How has the portable puzzle aided character development onscreen?
Rubik's Cube, that symbol of fast thinking, intuitive intelligence, turns 40 today. Google has celebrated with a virtual player of the game on its homepage. (DISCLAIMER: we haven't managed to complete it yet).
It was invented in 1974 by Hungarian sculptor and architecture professor Ernó Rubik, who sold the licence six years later to Ideal Toy Corp. By January 2009, 350 million of the toys had been sold across the globe.
The puzzle permeated the world of performance too. Owing to its reputation as a leisure pursuit reserved for total brainiacs, the Rubik's Cube has been used in films over the years to aid character development and inform audiences that the people you see onscreen ain't no ordinary folk.
Critically acclaimed Swedish rom-horror flick Let the Right One In follows the tale of Oskar, an ostracised boy on an estate in Stockholm, and his friendship with Eli, a vampire child who moves in next door. At first Eli insists that they cannot be friends, as she's all too aware that she's... a vampire. The above scene with the Rubik's Cube represents the landmark moment when the two children become truly close. Oskar finds the Rubik's Cube that Eli had borrowed – it's completed. Amazed, he seeks out Eli. The two share a seat in the snow and exchange names to a soundtrack of haunting, slow moving piano. Oskar offers her the Rubik's Cube to keep, an offer that Eli declines. Instead, she shows him how to complete the puzzle – "Start with the corners," she says. It's a defining scene in a beautiful film.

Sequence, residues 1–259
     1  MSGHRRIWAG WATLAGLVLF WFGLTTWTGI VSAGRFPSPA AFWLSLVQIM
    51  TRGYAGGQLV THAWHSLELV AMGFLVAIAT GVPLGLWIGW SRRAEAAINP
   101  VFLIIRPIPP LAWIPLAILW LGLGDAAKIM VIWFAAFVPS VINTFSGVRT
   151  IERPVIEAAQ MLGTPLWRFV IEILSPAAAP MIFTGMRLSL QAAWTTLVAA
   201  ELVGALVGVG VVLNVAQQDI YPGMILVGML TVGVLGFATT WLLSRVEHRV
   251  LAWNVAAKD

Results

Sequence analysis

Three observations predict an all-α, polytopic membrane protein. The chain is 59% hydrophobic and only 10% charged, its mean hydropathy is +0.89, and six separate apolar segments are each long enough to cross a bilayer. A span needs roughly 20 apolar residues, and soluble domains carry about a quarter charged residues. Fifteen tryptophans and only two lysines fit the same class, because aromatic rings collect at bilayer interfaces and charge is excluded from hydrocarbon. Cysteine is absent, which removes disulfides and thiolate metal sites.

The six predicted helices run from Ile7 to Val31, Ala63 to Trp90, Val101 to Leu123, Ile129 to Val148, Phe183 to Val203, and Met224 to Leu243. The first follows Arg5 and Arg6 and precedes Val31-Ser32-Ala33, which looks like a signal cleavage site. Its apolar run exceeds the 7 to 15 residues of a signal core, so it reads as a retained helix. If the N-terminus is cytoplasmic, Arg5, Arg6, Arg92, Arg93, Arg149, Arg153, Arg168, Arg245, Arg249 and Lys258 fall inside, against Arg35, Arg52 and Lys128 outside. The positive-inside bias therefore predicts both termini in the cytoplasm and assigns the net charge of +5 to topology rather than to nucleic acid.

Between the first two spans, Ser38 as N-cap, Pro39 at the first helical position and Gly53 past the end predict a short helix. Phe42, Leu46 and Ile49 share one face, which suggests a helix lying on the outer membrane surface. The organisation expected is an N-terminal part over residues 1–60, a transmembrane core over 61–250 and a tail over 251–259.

Chameleon Street is a 1989 film, written by, directed by and starring Wendell B Harris Jr. The film is based on the life of Detroit con artist William Douglas Street Jr, who successfully impersonated people across a number of leading professions – surgeons, doctors and reporters. Ashley Clark of the BFI said of the film: "Chameleon Street functions as one of the most complex screen accounts of the psychological realities of the 20th-century black American experience." In 1990, it won the Grand Jury Prize at the Sundance Film Festival.
In the above scene from the film, the con artist successfully solves a Rubik's Cube in seconds during a job interview, lending weight to the perception of the character as someone born with a natural, astonishing level of intelligence.
In Wall–E the Rubik's Cube makes a short cameo alongside a spork. As Wall-E is pottering about in a dystopian wasteland in 2805, the Rubik's Cube is by now a relic, a mere memory of human existence. Let's be honest though, if anyone was going to be able to do a Rubik's Cube really quickly it's Wall-E. Ever seen Johnny Five read a book?
The Pursuit Of Happyness, a film starring Will Smith and his son, was released in 2006 to sighs and groans from critics who eventually (reluctantly) admitted that it was slightly better than they thought it was going to be. Still, as with most Will Smith films these days, it didn't set many pulses racing.
In a scene that appears to have been lifted right from Chameleon Street, Smith's character, homeless salesman Chris Gardner, solves a Rubik's Cube in a cab, thoroughly impressing his future employer in the process. Cue the driver and his future boss looking dumbstruck. Who'd have thought someone like Chris Gardner could do a Rubik's Cube?